Category Archives: curriculum

Scratch that!

I just started this week with teaching my TechSperts (Grades 4-6) MIT’s Scratch programming software ( to make interactive games and stories about the Internet Safety topics we have learned about on

I admit, I had WAY too much fun playing around, I mean, learning the software.

Check out my first Scratch Project!
Scratch Project

We won!

I’ve twittered about this but didn’t bother to post the details here on my blog! The timing is still relevant as just yesterday I attended the reception for all ARRA Title IID grant recipients at the DESE in Malden. I applied in October and was notified in December of our winning of the a little over $98,000 in equipment, software, and professional development to support and enhance our ELA curriculum with technology! It is a 2 year grant and we have already begun. The equipment is being prepped this week, and the planning with all invested parties – principals, teachers, IT specialist, and coaches – will begin next week.

With the funds we were able to purchase a “Mobile Literacy Lab” – 26 Macbooks, 12 32 GB ipod touches, 2 mobile carts, 2 sets of A/V speakers, a projector, a Mac Server capable of hosting wikis and blogs internally, and almost $50,000 worth of 3 years of licensing and upgrading our current reading intervention software, Lexia.

And then the age-old question follows the WOW! (or the COOL!): What are you going to do with it?

More to come…

( :

Here is the grant application:

And here is the Awarded Announcement page (we are Boston Renaissance):

Out of 81 proposals, 34 were selected. Woot!

“ninging” it

I am totally immersed in exploring the application of the Ning (and social networks in general) in the classroom. Right now, I have built a ning for my teen media makers class, and am still working with an outsourced web development company on an alumni social network. The GoGlobal international ning has kindof been put on hold for now, but I did apply for a grant to travel to London this summer to meet face to face with the educators involved in that project in the hopes that we can get a project developed for next year.

So far in, we have as a class developed an acceptable use policy. We looked at existing AUPs, such as MySpace’s, Facebooks, and the Ning itself, and then partnered up to develop guidelines in each of the following categories : safety, feedback, language, content, and consequences.

We have next moved into power and roles. Each member is asked to explore and document the “powers” they have inside the ning. I am contemplating¬† giving everyone (there are 8 kids) the same “powers”, as in the power to moderate each other. But we may discuss whether we should elect moderators or not. Much is up in the air!

Next we will look further at identity, and the students will modify their profile by populating it with identifying media, such as photos, videos, text and more, about who they are and where they are from, as a way to connect their “offline” world with their “online” world.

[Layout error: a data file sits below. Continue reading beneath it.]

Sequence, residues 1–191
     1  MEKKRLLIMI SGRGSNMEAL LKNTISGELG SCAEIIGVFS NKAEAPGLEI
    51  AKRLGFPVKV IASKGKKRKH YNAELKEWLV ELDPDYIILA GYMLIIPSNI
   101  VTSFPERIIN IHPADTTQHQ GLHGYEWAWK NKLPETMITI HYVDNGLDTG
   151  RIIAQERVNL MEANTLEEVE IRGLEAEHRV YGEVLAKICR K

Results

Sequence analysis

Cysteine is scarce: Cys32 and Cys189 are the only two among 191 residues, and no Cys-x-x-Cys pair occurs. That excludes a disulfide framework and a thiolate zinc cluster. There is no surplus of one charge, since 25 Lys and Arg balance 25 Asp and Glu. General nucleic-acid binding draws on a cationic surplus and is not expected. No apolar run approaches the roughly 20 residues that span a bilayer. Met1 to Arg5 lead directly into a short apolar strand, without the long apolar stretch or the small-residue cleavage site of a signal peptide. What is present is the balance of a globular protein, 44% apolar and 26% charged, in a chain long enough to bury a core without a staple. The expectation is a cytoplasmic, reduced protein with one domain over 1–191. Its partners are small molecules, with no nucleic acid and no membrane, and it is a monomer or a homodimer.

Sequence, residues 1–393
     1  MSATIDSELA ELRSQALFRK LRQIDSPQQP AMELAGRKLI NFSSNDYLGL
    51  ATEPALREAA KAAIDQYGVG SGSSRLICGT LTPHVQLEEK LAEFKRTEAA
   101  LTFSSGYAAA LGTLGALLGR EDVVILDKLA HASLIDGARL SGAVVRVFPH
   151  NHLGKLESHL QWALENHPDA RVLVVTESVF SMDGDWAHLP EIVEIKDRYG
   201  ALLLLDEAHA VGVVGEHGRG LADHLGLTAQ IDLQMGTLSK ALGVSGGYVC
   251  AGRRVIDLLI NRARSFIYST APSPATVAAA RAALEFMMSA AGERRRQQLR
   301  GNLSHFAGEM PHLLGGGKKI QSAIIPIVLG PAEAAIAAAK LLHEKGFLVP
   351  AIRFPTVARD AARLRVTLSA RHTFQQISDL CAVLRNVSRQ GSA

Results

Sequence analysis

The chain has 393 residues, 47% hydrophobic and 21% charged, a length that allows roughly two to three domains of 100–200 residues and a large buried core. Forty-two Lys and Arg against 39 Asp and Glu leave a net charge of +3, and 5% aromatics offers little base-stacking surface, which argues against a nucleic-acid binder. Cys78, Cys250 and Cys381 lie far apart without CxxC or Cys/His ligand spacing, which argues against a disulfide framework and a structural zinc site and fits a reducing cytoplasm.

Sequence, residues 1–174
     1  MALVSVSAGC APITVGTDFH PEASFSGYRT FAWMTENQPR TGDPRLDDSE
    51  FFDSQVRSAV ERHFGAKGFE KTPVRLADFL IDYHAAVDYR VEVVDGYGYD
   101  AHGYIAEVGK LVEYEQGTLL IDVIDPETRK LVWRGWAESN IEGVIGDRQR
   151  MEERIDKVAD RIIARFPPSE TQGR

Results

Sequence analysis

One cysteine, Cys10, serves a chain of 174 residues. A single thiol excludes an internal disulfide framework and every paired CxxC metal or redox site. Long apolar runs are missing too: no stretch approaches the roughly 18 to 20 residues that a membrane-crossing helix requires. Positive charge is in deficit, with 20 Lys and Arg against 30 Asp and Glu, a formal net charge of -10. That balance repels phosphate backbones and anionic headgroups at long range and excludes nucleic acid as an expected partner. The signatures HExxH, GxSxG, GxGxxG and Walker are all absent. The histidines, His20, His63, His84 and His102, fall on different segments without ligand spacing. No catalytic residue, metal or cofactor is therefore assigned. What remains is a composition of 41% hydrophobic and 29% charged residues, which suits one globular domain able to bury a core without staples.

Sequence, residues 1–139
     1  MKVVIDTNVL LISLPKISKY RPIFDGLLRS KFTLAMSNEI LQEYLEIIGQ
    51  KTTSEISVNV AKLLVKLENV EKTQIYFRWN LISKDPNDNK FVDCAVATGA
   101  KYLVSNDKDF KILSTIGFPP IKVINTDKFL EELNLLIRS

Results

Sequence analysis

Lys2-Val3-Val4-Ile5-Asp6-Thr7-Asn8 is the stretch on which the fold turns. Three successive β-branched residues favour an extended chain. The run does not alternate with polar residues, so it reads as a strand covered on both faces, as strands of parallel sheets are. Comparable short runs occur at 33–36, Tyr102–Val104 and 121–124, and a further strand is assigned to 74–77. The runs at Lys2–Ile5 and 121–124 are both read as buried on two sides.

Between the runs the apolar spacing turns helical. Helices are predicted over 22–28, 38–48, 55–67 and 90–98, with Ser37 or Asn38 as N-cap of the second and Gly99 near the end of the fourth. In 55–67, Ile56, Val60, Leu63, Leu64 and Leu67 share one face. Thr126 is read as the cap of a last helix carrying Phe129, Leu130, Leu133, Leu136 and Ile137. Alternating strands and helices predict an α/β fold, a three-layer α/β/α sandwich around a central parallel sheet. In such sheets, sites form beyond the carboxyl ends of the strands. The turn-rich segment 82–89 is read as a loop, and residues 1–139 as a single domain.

These are all initial thoughts…and I have been seeking more reading and curricula from colleagues…

Why should I hire you?

Why should I hire you?

Originally uploaded by msradden

My small but savvy advanced web group is gearing up for their client to come in for the kickoff interview session. We picked a company name (“4 girls, a guy and a laptop”) and each student is completing a layout in Photoshop of their employee profile within the company web site. They will post their resumes and cover letters as well as a complete bio. Next week we will slice them up into HTML, link them and FTP each page! Stay tuned for the launch…

The future me…


Originally uploaded by msradden

It’s a great time to be a sports fan in Boston these days…The Sox play game 2 tonight of the ALCS, the undefeated PATS take on the Cowboys tomorrow, and there’s even some hope for the Celtics…So I’ve posted this retouched photo made by one of my media students in honor of one of my favorite Sox, David Ortiz!

Students in Media Seminar used industry standard retouching techniques in Photoshop to create “realistic” photos of themselves in a future job or place that connects with their social, academic, and professional goals. These images are part of a larger animated identity piece in which students reflect on where they are from, who they are, and where they are going, incorporating voice overs and imagery to reflect their identity.

Additionally, we studied the ethics of retouching images and the kinds of messages that manipulated media send. As part of a reflection on this project, the students were asked how to identify manipulated imagery based on a reading I provided, and reflected on when it is acceptable to manipulate imagery and when it is not. We had some great discussions in class, and hopefully after the reflections are posted in the class blog, we can have some online discussions as well.

Oh about that class blog…BPS blocks inconsistently, so my original collaborative blog on won’t work. Plus the school’s email server blocks the invitation emails to the students. Kids need a GMAIL account to even post. I have since figured I need to install a word press blog on my own or the school’s server. I did correspond with a BPS OIIT member who was unsure what teachers were using across the board. He did recommend which I will check out too. Bottom line is, once again, a great online tool is “banned” from usage in the classroom, and teachers like me who see the educational value in it, have to find a workaround. Like using shareware to grab FLVs off of youtube to show in school since Youtube is blocked as well!